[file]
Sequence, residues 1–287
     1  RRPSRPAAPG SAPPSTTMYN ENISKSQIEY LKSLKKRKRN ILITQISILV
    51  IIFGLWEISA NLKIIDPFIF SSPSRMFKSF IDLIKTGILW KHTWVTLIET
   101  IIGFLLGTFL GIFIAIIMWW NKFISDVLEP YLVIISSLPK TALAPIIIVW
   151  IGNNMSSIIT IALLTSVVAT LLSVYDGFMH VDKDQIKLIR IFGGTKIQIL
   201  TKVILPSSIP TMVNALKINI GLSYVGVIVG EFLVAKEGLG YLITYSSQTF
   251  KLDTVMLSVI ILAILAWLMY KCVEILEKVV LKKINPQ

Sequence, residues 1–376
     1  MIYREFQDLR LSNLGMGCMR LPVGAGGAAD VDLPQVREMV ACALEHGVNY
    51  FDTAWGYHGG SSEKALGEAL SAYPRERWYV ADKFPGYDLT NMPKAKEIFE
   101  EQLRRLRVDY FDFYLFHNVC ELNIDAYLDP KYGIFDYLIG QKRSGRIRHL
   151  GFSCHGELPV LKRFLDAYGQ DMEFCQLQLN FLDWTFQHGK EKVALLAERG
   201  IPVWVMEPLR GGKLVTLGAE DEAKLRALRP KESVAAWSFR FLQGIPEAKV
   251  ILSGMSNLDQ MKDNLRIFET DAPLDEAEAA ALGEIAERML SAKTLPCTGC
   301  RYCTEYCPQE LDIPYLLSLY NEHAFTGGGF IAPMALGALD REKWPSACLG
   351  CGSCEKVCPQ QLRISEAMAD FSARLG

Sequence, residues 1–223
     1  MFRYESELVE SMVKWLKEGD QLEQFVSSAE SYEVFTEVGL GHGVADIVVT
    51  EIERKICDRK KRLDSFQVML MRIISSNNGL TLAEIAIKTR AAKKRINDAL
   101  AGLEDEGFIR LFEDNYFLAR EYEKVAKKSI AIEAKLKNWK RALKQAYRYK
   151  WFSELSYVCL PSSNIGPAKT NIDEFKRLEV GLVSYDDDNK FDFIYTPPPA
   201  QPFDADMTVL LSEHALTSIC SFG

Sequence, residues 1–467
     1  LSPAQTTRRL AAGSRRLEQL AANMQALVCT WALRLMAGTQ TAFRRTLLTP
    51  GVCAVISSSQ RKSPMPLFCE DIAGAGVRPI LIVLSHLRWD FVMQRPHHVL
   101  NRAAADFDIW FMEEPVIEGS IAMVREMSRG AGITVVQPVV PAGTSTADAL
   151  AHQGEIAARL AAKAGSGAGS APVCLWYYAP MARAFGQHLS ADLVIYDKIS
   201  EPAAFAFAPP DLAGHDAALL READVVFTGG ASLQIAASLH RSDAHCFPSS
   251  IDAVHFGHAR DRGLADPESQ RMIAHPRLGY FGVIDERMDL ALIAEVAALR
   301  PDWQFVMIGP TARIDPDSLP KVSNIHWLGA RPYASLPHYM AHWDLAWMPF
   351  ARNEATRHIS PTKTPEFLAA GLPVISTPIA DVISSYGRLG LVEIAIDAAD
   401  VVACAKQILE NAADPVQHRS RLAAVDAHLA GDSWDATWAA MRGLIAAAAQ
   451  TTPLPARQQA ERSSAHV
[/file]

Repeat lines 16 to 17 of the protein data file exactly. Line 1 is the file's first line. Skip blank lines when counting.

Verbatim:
   351  CGSCEKVCPQ QLRISEAMAD FSARLG

Sequence, residues 1–223